3 trout fish swimming in water

Aquatic animal health

Maintaining the health of wild and farmed seafood to minimise economic loss and maximise global aquatic food security

Our aquatic animal health programme supports both the protection of wild aquatic species and the increasing role that sustainable aquaculture will play in global food security. Our expertise in aquatic health management, pathology, bacteriology, virology, pathogen systematics, microbial diversity, disease diagnostics, fish health inspection, biosecurity, epidemiology and policy advice provides a comprehensive understanding of the role that disease plays in wild and farmed aquatic host populations, and aims to improve health outcomes for animals, people and the environment.

lobster pots and nets

This expertise has been recognised through international designations held under our Centre of Excellence for Aquatic Animal Health which unites the joint expertise of over 80 specialists in research, diagnostics, surveillance, modelling, policy and advice related to aquatic animal health. Focussed on the role that health and disease plays in wild and farmed aquatic host populations, our work programme supports both the protection of natural capital and the increasing role that sustainable aquaculture will play in global food security. Working with partners in the UK and abroad, we aim to apply our cutting-edge science and advice where needed to improve health outcomes for animals, people and the environment.

Our work programme supports both the protection of natural capital and the increasing role that sustainable aquaculture will play in global food security

The Cefas International Centre of Excellence for Aquatic Animal Health, incorporates several external global designations.

The UK’s International Reference Centre for Antimicrobial Resistance (AMR) has been designated by the Food and Agriculture Organization of the United Nations (FAO) as the FAO Reference Centre for AMR. The Centre is led by three of the UK government’s Department for Environment, Food and Rural Affairs’ (Defra) Executive Agencies: Cefas, the Veterinary Medicines Directorate (VMD) and the Animal and Plant Health Agency (APHA).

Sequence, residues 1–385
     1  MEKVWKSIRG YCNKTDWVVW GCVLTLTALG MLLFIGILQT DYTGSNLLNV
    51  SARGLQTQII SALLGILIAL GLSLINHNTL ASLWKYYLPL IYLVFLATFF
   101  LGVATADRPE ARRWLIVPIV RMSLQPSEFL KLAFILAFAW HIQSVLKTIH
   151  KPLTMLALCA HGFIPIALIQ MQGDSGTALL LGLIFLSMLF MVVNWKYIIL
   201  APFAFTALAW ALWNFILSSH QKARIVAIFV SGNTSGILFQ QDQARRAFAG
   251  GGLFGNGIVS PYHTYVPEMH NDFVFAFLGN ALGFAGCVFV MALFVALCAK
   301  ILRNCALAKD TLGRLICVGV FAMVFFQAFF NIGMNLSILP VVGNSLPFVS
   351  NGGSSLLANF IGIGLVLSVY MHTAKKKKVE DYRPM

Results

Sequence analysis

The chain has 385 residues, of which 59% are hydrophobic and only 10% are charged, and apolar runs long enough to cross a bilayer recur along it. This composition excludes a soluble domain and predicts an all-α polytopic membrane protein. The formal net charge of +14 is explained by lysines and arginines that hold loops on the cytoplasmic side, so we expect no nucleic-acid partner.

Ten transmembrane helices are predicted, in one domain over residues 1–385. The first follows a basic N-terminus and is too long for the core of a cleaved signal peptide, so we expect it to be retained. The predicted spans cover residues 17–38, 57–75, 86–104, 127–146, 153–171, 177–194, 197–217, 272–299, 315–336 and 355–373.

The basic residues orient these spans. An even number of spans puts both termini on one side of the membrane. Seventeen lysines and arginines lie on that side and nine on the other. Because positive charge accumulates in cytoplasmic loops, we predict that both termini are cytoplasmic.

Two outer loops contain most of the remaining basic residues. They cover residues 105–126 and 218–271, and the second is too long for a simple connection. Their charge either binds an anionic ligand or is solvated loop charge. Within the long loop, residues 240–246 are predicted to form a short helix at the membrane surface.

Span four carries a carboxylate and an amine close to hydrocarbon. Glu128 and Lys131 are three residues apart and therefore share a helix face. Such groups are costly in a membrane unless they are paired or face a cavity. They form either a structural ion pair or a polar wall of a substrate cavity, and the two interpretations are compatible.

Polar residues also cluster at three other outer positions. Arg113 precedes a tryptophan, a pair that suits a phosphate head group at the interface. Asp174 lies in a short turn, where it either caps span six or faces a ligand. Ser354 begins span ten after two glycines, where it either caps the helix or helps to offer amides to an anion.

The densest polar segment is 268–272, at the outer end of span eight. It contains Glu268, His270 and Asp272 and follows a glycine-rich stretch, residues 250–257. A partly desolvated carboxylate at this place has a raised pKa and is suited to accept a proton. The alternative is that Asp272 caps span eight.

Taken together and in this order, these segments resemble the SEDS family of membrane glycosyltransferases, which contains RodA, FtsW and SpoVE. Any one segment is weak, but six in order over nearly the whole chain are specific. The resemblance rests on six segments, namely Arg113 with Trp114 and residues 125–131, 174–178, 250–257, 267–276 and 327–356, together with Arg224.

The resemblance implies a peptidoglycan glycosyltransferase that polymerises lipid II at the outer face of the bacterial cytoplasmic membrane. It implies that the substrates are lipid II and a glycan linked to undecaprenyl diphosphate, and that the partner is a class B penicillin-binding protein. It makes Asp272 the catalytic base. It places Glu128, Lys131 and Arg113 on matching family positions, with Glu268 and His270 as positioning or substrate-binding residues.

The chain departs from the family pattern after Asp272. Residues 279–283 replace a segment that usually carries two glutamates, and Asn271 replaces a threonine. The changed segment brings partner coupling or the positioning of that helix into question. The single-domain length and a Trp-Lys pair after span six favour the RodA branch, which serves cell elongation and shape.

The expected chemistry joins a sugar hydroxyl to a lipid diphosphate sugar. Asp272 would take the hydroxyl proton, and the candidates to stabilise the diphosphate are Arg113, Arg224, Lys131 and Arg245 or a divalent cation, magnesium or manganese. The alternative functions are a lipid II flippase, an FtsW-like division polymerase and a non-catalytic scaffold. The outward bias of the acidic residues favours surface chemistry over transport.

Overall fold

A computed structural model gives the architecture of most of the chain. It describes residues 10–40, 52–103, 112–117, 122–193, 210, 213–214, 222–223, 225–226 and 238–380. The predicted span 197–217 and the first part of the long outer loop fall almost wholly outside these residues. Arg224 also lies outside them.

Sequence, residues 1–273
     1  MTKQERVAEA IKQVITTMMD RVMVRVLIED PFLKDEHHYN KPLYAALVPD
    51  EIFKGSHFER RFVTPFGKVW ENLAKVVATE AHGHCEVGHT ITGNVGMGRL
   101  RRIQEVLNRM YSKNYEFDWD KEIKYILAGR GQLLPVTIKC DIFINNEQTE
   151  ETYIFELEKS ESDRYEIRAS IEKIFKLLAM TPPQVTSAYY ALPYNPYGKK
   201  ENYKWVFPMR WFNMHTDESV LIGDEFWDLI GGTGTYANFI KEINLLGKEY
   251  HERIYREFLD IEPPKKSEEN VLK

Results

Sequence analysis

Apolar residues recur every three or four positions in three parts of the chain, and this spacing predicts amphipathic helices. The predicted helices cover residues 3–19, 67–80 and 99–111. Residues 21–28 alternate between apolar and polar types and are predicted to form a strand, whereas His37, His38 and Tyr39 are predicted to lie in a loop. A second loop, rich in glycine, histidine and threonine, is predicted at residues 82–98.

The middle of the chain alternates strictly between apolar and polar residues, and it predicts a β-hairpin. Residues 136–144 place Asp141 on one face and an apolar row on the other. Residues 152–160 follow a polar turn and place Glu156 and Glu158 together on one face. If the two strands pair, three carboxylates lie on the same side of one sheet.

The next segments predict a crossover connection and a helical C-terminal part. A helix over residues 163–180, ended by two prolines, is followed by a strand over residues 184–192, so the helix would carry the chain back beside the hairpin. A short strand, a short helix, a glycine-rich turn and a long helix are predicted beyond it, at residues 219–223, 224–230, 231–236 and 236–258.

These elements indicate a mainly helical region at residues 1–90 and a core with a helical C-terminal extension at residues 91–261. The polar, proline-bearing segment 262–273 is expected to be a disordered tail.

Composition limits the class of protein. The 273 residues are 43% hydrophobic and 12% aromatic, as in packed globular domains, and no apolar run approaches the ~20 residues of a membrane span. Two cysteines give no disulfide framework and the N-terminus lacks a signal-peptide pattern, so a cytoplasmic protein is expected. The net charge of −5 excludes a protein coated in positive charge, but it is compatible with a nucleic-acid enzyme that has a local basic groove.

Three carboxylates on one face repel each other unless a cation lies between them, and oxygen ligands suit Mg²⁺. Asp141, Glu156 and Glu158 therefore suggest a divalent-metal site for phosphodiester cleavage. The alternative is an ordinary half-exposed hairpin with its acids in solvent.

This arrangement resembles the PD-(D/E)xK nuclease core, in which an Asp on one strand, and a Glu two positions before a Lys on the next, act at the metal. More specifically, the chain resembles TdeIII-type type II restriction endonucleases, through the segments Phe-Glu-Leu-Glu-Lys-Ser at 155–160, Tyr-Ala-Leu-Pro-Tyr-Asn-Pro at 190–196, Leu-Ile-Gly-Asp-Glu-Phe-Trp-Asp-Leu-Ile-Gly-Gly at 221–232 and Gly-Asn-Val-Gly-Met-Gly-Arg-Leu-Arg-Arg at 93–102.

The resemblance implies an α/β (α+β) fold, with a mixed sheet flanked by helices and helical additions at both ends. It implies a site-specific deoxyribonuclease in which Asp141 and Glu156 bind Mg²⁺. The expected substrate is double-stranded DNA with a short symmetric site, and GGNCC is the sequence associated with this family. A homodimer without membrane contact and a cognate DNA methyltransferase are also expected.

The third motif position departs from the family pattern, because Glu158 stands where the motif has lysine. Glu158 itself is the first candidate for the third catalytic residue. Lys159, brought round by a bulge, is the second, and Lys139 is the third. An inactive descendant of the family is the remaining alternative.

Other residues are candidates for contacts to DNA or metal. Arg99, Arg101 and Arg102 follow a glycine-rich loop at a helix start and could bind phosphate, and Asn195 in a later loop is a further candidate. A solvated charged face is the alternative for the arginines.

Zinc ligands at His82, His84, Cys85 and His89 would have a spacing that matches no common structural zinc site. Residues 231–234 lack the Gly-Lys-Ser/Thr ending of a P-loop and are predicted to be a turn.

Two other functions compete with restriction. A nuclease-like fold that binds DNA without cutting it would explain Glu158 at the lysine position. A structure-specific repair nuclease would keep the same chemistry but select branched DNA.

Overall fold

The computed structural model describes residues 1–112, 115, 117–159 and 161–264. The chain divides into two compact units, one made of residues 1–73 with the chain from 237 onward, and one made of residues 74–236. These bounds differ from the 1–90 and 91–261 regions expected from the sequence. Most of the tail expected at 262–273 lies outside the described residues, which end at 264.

The World Organisation for Animal Health (OIE) recently designated Cefas as the OIE Collaborating Centre for Emerging Aquatic Animal Disease (CCEAAD), with a remit to identify and manage new diseases that affect farmed and wild aquatic animals.

We are also the OIE Reference Laboratory for Koi Herpes Virus and Spring Viraemia of Carp Virus.

We also host the UK government’s Fish Health Inspectorate, which is responsible for preventing the introduction and spread of serious diseases in fish, shellfish and crustacea in England and Wales. We inspect fish and shellfish farms, investigating serious outbreaks of disease in both farms and the wild. By helping to maintain the health of the fish and shellfish in England and Wales, we improve businesses’ ability to trade openly outside the UK, reduce their losses from disease and help protect a valuable natural resource.

We work closely with the University of Exeter to co-lead the Sustainable Aquaculture Futures centre which aims to unlock solutions to global food security. The Sustainable Aquaculture Futures seeks to develop partnerships with academia, governments and industry, both nationally and internationally, to establish a network of world leaders in the fields of aquatic animal health, food safety, and protection of the aquatic environment.